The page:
|21 Moreland Terrace circa 1900|
The picture shows the rather unique decorative elements around the doors and windows, quite unlike anywhere else in Wolverton. All of these disappeared when the buildings were converted into shops. Today, even the upstairs windows have been modified. It's a large house with two front rooms with probably four bedrooms upstairs. It was clearly designed for a middle class occupant. Somewhat surprisingly the occupants are of more modest occupation.
The head of the family in 1901 was William Bennett (The first letter is obscured, but it looks like Bennett) a horse trainer. He was then 58 and his wife 56. They had their 30 year old unmarried daughter Emily living with them. She was working at home as a dressmaker. The house also accommodated their widowed sister-in-law, a 31 year old nephew working as a clerk in the Railway Offices, and an unmarried 26 year old niece. So the house was full and between them they could probably afford it.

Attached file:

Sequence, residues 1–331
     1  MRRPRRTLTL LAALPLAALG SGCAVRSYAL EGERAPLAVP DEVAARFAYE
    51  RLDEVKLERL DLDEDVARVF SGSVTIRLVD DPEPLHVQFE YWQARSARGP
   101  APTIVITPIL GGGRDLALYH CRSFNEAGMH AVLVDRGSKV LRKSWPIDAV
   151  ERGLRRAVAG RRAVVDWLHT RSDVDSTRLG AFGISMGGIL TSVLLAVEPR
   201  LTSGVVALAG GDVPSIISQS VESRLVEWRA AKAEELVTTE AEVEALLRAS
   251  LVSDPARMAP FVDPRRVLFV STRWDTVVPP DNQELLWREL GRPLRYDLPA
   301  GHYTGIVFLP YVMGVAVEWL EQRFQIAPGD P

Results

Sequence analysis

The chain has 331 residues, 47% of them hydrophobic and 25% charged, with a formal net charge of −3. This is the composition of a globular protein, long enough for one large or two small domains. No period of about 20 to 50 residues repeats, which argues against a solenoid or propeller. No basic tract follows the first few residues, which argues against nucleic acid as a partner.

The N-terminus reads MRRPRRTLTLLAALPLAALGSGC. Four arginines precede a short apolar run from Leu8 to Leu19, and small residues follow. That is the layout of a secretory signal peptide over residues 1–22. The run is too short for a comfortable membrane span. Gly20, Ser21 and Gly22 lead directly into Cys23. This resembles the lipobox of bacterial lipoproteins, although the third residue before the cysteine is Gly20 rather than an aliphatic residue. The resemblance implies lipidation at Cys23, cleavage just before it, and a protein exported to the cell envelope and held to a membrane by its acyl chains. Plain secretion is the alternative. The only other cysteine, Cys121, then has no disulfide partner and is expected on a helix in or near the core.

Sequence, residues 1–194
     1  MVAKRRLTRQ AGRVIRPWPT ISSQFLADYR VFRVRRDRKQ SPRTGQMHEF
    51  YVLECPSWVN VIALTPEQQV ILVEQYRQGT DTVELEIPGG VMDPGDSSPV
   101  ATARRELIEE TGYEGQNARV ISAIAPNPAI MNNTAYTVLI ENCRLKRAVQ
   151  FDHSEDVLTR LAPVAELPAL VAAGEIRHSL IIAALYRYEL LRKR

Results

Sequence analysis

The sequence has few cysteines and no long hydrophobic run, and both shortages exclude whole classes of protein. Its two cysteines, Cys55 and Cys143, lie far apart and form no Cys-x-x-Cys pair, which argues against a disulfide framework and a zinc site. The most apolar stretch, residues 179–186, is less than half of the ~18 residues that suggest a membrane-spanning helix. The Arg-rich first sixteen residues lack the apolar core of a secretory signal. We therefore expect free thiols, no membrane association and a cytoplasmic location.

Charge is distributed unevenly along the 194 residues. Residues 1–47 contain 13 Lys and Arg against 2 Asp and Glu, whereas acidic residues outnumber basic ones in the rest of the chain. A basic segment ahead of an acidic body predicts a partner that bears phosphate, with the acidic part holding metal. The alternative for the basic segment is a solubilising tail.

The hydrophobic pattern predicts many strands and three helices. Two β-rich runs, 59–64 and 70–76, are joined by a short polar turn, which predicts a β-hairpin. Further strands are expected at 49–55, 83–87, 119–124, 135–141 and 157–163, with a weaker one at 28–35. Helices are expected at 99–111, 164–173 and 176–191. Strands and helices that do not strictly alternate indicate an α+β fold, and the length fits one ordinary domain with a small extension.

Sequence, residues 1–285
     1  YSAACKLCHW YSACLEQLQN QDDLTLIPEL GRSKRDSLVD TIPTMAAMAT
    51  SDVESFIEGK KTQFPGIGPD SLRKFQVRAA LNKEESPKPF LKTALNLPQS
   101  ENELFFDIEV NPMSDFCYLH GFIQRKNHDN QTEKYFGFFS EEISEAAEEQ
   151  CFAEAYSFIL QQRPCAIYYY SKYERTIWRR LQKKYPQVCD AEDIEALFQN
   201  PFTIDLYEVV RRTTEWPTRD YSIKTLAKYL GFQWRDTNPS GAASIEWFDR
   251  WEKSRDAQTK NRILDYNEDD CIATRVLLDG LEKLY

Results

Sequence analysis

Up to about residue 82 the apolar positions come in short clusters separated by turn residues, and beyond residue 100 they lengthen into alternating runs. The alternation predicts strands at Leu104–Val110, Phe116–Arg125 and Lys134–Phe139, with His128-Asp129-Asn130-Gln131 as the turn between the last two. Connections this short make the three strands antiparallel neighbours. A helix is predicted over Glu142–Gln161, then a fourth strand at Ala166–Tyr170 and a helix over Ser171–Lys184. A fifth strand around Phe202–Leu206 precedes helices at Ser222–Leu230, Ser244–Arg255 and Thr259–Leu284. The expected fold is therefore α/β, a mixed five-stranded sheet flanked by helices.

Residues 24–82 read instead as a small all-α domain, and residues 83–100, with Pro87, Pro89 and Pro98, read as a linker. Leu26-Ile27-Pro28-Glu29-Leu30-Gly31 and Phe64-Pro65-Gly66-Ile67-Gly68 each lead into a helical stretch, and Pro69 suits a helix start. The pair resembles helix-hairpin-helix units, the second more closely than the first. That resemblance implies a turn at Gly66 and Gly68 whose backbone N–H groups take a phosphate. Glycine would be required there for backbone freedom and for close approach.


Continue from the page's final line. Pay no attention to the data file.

Squares were prestigious addresses in London in the 19th century and I am sure the intention was to do the same in Wolverton. Some of the houses on the Square are quite large, but others are modest in size, so perhaps the grand plan did not quite achieve its objective.
There were commercial considerations too. The 1890s expansion of Wolverton left the residents of Cambridge Street and Windsor Street a long way from the shops on the Front and Church Street and it was not long before shop frontages began to appear along Moreland Terrace. If you look at this photograph taken around 1910, you can see the beginnings of this development.